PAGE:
SW: I like the BBC Olympics ad and actually noticed it in the real world. It’s very well crafted and does a great job of launching the Tokyo Olympics. I always enjoy the BBC’s trails for major sporting events: partly because they tend to be ambitious, visually, but mostly because they always signal a moment of collective shared experience that can genuinely bring the whole country together. Remember how united and positive we all felt during London 2012? Fucking hell, how incredible was that in retrospect?
CD: I love all things Japan. I’ve been there twice, and it’s at the top of my list for when travelling gets easier. This film made me want to go there even more. I enjoyed every little street sign, arcade and shop, prop, the wardrobe, the neon lights, the music. Every frame is like a work of art – so detailed and well thought that you want to watch it again and again to discover new things each time. In fact, I’m a bit obsessed with this film now. And I’ve Googled everyone involved. Directed by Factory Fifteen. Original artwork from Fantasista Utamaro. Music by Kenji Kawai. No wonder it’s great. I’m officially excited about the Olympics.
SW: Heinz gives us a UK tour of mayo lovers. It is energetically shot and features people with a shared love of mayonnaise. A message of unity after Brexit around a French-originated food stuff. Or maybe I’m reading too much into that.
CD: Serious mayo lovers eat mayo with a spoon – I know a few. But in this film, it’s just regular people putting mayo on sandwiches and salads. So if you are going for mayo fans, they are out there – go find them.
SW: A simple, restrained, line-based animation. Sometimes a message speaking quietly and calmly in a sea of shouting cuts through the noise.
CD: Where the product’s made. How the product’s made. What its ingredients are. It looks like this brief asked for the creative to deliver a lot of product information. And it’s all there in this nicely written, nicely illustrated piece.
CD: This isn’t the first ad to use Google’s search bar to make a point. Even so, there’s something cool about it – probably the music by Jamie XX. I enjoyed watching all its little moments. And it made me feel good knowing I’m not the only one dreading going “back to normal”.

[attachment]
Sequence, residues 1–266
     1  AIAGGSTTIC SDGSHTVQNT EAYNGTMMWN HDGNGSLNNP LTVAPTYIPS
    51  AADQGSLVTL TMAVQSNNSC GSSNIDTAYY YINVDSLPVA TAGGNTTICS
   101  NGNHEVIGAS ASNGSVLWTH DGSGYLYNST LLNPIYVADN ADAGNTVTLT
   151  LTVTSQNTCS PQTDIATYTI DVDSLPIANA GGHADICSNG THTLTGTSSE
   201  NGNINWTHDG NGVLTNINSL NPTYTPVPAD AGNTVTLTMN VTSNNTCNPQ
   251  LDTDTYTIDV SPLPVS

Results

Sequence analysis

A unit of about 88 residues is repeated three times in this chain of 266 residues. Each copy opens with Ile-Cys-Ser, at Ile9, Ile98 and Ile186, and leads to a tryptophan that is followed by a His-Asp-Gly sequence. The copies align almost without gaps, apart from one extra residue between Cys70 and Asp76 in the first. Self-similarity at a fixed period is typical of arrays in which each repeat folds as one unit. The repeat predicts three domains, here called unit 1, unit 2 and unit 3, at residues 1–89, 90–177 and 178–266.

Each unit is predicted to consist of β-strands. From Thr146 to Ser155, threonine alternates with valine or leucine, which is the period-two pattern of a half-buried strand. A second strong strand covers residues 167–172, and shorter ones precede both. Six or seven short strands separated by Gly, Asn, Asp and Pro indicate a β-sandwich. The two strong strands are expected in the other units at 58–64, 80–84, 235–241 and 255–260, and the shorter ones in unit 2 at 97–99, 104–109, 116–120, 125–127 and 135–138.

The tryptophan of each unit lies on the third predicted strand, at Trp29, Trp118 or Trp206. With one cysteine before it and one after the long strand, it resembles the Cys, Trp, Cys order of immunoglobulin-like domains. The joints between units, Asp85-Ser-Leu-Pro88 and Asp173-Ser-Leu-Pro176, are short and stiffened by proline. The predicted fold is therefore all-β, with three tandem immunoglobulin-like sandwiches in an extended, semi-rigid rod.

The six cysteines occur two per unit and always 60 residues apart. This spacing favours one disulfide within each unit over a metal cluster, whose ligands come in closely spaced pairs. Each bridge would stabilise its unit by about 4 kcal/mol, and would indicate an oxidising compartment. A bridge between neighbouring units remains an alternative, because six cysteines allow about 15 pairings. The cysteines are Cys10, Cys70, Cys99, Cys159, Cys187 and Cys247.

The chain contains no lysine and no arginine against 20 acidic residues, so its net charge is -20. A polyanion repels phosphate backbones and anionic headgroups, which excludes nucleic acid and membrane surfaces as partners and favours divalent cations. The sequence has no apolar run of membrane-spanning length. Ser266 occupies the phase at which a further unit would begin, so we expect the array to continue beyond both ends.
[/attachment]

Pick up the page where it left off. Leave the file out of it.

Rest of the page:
SW: Lastly, we have Nike with an ad for Grenfell Athletic raising funds for the victims of Grenfell. Nike publicly backed Colin Kaepernick taking the knee and drew protests and condemnation from the anti-woke brigade, but unfortunately we’re at the point in the debate where it is actually necessary to say you’re against racism and prejudice, and if you lose some customers along the way, then so be it. What used to be assumed by most people as a given simply can’t be taken for granted any more. It’s a tragedy we’ve fallen that far, but here we are. It’s an elegantly directed film by Georgi Banks-Davies and should help to make sure that shameful event and the victims of it aren’t forgotten. So, some nice ads reviewed, and a bit of sport mixed with politics. There’s quite a few MPs saying footballers should stay out of politics, but I dunno, they seem to be making a better job of it than those in Westminster.
CD: What I like the most about this project is the idea behind the film, it’s Grenfell Athletic FC having a kit, by Nike. It’s the fact that a football team, formed by a community worker to help families cope with tragedy gets the support from a big brand, celebrities and big names in the advertising industry.